Perhaps you’ve heard of the S1000D standard. You’d like to introduce it to your company and embrace the possibilities it offers. Or maybe you haven’t got the slightest idea what it actually is and you want to figure out if it’s of any use. Either way, this article is for you.
For starters, S1000D is a highly specialized standard for creating documentation in the XML format (probably the friendliest and the most flexible of the currently used formats). It originated specifically for military aircraft, but nowadays it’s also commonly used when describing land-based and marine equipment, military and commercial alike.
S1000D: what is it about?
Firstly, it’s about segmenting our document into separate data modules that are integrated into a hierarchical structure. Such modularisation makes reusing the same or similar content in various sections of our documentation way easier. Secondly, it’s about preparing very detailed rules for all of our content. These rules not only define the shape of our document, but they also basically govern every single content element. In this way, we’re in total control and we’re significantly reducing the risk of deviating from our organisation’s hard-and-fast regulations.
For instance, we can specify that all our procedures start with a header in a particular font and colour, next we’ve got information on who’s performing the procedure, how long the procedure takes and what tools are needed to perform it, and this is followed by the description of steps along with the result and links to related procedures. Or we can configure a given field in such a way that it accepts only one type of units to avoid situations like the one when NASA lost a 125-million-dollar-worth Martian orbiter, because one team provided the distance in miles, rather than in kilometres.
For us, technical writers, the advantage of using S1000D is that the system immediately serves the relevant XML template with a ready set of tags (which we might even not see at all if our editor is user-friendly and has an advanced interface). As formatting is defined down to the last detail, we can focus on the content alone.
Migrating to S1000D on your own might prove quite problematic, which is why the best option is to save yourself the trouble and ask a professional for advice. In our experience, the whole process can be broken into four discrete steps.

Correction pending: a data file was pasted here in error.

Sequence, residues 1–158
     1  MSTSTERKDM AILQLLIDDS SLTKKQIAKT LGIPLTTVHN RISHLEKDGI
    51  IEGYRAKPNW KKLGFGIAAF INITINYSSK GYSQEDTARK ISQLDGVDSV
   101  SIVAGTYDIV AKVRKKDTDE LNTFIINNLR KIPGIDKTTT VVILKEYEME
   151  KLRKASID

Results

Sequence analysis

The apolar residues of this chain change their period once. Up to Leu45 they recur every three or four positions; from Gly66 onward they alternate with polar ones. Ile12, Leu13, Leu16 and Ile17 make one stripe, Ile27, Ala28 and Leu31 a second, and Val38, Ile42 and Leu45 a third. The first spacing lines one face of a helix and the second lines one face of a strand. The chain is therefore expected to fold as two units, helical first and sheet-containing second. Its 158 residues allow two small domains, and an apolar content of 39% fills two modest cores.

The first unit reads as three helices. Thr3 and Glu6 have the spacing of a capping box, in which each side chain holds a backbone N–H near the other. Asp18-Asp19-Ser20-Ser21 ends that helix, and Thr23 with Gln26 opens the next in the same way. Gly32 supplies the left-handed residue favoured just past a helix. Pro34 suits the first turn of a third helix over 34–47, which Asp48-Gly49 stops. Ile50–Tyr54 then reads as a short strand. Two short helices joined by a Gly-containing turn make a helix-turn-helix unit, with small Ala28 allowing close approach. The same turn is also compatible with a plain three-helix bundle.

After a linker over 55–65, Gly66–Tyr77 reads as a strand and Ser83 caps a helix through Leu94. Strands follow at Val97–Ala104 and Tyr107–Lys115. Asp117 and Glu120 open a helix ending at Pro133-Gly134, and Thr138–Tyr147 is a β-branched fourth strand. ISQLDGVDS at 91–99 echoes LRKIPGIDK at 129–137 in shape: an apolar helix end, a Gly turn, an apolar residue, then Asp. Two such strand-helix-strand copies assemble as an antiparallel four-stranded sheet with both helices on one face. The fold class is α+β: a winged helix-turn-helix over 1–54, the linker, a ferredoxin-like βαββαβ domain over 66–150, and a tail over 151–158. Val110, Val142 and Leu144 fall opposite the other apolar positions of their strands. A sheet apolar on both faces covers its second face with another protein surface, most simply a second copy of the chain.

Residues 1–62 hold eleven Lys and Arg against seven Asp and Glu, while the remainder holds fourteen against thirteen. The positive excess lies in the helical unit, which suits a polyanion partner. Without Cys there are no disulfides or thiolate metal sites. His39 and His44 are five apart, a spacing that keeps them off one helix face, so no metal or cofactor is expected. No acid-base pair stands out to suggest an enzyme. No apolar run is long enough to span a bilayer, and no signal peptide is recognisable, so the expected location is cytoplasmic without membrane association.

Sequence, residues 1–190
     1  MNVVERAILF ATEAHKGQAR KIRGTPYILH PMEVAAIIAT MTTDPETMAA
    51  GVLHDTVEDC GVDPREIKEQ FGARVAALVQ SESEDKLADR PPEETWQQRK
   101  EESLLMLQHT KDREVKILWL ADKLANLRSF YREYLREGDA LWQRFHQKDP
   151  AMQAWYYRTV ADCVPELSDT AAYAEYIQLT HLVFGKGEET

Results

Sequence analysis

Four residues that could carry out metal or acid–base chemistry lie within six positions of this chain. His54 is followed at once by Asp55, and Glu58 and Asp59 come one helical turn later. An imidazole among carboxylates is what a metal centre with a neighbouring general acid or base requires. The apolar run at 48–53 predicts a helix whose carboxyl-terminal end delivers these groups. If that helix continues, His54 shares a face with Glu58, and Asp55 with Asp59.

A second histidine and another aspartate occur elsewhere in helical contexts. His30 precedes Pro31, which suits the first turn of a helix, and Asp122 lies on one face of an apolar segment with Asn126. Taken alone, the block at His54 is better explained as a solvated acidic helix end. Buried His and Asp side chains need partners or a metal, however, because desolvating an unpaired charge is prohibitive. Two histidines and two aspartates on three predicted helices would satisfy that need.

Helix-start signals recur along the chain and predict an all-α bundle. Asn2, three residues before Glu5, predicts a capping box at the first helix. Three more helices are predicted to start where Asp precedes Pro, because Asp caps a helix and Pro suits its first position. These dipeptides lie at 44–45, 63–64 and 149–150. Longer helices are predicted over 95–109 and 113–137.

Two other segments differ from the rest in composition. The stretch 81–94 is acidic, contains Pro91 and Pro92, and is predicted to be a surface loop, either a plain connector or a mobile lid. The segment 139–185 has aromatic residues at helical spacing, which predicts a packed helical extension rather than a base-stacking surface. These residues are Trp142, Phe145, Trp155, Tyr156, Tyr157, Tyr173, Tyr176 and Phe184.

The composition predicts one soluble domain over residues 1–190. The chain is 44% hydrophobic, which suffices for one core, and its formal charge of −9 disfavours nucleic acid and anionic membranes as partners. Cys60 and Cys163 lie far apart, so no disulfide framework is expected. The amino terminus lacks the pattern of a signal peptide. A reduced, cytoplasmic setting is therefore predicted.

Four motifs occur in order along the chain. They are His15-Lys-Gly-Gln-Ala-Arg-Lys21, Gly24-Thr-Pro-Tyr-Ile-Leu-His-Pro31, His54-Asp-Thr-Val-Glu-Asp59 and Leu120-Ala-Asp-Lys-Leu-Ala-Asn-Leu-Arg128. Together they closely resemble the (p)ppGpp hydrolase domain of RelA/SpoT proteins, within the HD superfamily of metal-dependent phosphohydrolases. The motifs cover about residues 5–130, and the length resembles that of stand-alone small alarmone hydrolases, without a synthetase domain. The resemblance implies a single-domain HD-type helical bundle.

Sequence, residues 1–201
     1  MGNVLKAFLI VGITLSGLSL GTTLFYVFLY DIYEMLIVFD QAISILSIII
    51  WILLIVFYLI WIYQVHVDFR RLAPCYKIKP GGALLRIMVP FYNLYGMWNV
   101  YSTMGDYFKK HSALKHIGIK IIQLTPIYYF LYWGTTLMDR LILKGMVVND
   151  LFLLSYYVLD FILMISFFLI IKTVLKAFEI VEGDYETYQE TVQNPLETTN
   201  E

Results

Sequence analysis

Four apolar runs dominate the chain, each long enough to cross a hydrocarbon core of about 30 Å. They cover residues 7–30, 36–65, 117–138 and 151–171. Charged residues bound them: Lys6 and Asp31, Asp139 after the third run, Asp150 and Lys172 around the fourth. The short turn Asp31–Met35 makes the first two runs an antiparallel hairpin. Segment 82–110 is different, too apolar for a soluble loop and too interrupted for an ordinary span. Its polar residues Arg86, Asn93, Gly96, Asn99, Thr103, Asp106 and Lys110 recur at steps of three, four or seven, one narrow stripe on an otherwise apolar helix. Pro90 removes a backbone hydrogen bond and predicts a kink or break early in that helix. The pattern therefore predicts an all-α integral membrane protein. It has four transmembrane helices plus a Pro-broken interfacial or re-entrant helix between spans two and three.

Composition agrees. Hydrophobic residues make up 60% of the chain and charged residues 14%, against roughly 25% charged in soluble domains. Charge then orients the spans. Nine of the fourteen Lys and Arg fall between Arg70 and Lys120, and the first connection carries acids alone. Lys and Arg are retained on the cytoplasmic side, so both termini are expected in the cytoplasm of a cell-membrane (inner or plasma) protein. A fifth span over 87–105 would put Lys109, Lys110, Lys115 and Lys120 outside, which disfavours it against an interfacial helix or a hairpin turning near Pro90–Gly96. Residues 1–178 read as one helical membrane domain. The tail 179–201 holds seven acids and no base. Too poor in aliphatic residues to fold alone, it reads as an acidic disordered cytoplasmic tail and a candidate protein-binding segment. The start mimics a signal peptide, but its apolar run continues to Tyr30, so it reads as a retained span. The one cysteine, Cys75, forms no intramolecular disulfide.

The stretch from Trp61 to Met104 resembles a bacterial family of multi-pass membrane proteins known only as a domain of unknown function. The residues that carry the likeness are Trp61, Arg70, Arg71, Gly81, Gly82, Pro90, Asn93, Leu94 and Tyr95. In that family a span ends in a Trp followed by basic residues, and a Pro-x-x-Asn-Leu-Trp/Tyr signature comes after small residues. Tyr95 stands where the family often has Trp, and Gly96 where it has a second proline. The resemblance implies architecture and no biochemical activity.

Step 1: At the beginning, we need to choose a tool that supports the S1000D standard AND is easy to use. Don’t take this step lightly! We’ve been in the tech comms industry for many many years and, unfortunately, we know only too well what happens when you choose software in a hurry. A work that could have been quite pleasant turns into sheer horror.
Step 2: Then the most important step takes place. Defining rules. At this stage we’re setting up our tool so that it can produce documents that adhere to our standards. It’s also our job to provide adequate templates to technical writers. These templates should contain useful hints and prompts: for the writers this equals help and comfortable work, for the company this equals minimal chances of having wrong and/or inconsistent content.
Step 3: Another step is deciding on the output format. S1000D offers a full spectrum of options: from print-ready PDFs, through webpages, up to Interactive Electronic Technical Publication (IETP) – a format optimised for desktops, laptops, tablets and smartphones.
Step 4: Finally, we need to include our documentation in the existing workflow: content reviews, attaching the final document to the product, archiving, etc. Luckily, in S1000D all information is stored electronically so we can easily add our documentation to any databases or PLMs.
I’ve already mentioned modularisation. It supports reuse and makes our work safer – the changes affect only selected modules so there’s no worry that we’ll accidentally mess something up elsewhere.
We’re also going to get the whole required content in the required form. Any shortcomings and deficiencies are very easy to spot, which makes them also very easy to fix. What’s more, we’re making sure the documentation is consistent and errors are scarce.
A future-proof solution, S1000D is based on generally accepted international standards so there’s no risk our documentation turns out to be incompatible with any guidelines. Apart from that, we can freely choose how to produce our content as all the formats mentioned in the previous section originate from a single source. In other words, should we ever decide to move from, for example, printed manuals to a webhelp, it will be a walk in the park.
All this lets us save time and money – a value no business can neglect.
If you’d like to find out how your company can swiftly and painlessly migrate to the S1000D standard, feel free to contact us. We know the answers to all your queries.